cycle is repeated every 4 weeks.

The dose of fludarabine may need to be decreased in patients who have kidney problems. (Chemotherapy Pill)

Chemotherapy Pill : Precautions

Blood counts will be monitored regularly while on fludarabine therapy. During a certain time period after receiving fludarabine, there is an increased risk of getting infections.

Caution should be taken to avoid unnecessary exposure to crowds and people with infections. Patients with a known previous allergic reaction to
chemotherapy drugs should tell their doctor.

Patients who may be pregnant or are trying to become pregnant should tell their doctor before receiving fludarabine. Chemotherapy can cause men and
women to be sterile, or unable to have children. It is unknown if fludarabine has this effect on humans.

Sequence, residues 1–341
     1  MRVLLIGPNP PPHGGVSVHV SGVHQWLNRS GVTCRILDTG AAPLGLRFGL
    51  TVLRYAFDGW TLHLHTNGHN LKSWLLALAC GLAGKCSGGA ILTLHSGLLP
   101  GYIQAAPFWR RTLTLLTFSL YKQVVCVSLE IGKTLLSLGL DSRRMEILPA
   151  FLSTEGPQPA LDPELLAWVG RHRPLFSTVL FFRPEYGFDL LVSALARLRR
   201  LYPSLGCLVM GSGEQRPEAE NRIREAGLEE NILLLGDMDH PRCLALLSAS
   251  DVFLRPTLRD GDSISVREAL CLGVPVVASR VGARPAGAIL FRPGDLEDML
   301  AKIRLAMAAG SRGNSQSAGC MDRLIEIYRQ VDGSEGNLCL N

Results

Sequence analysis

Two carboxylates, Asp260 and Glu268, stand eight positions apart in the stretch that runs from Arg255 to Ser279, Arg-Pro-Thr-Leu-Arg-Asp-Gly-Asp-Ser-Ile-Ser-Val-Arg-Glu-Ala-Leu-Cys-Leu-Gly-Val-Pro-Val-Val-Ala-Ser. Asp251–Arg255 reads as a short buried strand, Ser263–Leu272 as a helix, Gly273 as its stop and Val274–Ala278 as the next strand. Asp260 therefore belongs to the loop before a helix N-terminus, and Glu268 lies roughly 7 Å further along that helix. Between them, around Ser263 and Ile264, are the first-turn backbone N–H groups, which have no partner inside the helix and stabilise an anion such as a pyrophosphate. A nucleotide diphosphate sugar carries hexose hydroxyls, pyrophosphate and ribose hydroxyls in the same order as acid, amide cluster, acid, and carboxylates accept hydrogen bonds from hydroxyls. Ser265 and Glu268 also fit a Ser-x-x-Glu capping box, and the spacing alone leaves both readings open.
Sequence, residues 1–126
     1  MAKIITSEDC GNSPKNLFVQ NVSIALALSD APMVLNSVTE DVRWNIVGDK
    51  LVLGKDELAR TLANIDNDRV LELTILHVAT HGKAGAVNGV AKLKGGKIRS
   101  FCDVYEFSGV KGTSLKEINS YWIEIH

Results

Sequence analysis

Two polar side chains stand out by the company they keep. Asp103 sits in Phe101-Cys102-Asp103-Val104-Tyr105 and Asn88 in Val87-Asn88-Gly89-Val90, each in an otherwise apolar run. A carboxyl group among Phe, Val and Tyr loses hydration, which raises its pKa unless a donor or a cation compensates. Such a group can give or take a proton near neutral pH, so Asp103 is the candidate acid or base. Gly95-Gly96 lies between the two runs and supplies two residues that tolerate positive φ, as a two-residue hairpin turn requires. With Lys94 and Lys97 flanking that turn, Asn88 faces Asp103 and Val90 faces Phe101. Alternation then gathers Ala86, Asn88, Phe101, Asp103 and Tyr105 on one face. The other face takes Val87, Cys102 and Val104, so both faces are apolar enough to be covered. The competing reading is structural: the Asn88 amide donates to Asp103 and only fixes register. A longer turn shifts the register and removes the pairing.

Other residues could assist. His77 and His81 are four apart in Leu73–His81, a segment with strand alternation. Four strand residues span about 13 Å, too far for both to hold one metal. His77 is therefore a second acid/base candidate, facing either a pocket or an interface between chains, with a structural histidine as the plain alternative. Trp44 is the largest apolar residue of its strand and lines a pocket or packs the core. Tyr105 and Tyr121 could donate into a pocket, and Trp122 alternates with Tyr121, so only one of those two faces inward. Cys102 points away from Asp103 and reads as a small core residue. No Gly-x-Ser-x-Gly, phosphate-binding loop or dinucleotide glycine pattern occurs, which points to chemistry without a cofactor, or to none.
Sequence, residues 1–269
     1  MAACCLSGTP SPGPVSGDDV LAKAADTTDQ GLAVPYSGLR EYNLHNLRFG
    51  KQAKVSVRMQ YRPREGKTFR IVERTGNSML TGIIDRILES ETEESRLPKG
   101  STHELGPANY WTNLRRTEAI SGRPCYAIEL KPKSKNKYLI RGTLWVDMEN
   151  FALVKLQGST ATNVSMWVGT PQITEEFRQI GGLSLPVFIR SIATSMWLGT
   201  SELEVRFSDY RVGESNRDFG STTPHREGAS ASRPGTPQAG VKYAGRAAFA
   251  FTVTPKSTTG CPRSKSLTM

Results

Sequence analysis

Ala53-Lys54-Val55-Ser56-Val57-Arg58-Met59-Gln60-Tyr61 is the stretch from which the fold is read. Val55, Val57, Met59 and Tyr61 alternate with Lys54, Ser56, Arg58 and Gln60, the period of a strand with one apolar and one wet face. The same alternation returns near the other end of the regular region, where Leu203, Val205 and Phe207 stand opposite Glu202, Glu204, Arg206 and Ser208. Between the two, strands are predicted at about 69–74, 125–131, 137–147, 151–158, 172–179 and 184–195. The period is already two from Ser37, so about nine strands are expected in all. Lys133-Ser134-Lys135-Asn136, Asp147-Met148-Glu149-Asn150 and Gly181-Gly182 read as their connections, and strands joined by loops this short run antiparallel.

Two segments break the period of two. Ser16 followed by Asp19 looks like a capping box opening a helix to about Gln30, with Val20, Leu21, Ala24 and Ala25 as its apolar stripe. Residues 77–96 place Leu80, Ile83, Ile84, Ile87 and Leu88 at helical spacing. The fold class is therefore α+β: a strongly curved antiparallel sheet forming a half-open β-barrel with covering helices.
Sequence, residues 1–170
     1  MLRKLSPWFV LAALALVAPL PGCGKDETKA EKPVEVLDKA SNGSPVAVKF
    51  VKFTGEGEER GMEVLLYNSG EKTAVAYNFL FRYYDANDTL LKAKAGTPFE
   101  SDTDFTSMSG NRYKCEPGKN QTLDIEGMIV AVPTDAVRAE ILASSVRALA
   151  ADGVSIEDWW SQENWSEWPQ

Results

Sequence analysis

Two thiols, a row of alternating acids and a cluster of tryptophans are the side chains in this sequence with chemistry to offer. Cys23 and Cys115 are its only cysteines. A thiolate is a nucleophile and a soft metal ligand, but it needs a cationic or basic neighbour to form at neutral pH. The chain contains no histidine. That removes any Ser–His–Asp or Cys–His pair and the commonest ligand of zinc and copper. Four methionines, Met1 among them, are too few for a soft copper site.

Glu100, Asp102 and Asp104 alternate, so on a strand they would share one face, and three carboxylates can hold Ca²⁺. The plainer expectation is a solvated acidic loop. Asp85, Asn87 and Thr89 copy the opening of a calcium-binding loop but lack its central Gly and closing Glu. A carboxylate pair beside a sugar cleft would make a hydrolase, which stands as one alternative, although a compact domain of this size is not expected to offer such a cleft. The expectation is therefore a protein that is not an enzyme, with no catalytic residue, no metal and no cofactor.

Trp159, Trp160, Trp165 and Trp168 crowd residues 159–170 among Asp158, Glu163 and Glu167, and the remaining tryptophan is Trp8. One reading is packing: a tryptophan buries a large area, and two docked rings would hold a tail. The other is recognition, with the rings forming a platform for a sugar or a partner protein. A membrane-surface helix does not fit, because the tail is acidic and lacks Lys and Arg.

Patients should check with their doctors before receiving live virus vaccines while on chemotherapy.

Chemotherapy Pill : Side effects

The most common side effect expected from taking fludarabine is low blood counts (myelosuppression). When the white blood cell count is lower than normal (neutropenia), patients are at an increased risk of developing a fever and infections. Patients may need to be treated with antibiotics at this point. The platelet blood count can also be decreased due to fludarabine administration, but generally returns to normal within 2 weeks after the end of the infusion. Platelets are blood cells that cause clots to form to stop bleeding. When the platelet count is low, patients are at an increased risk for bruising and bleeding. Fludarabine causes low red blood cell counts (anemia).
Low red counts make people feel tired and dizzy.

Fludarabine can cause the development of autoimmune hemolytic anemia, which occurs when the body begins to destroy its own red blood cells. It is an uncommon side effect, but very serious when it occurs.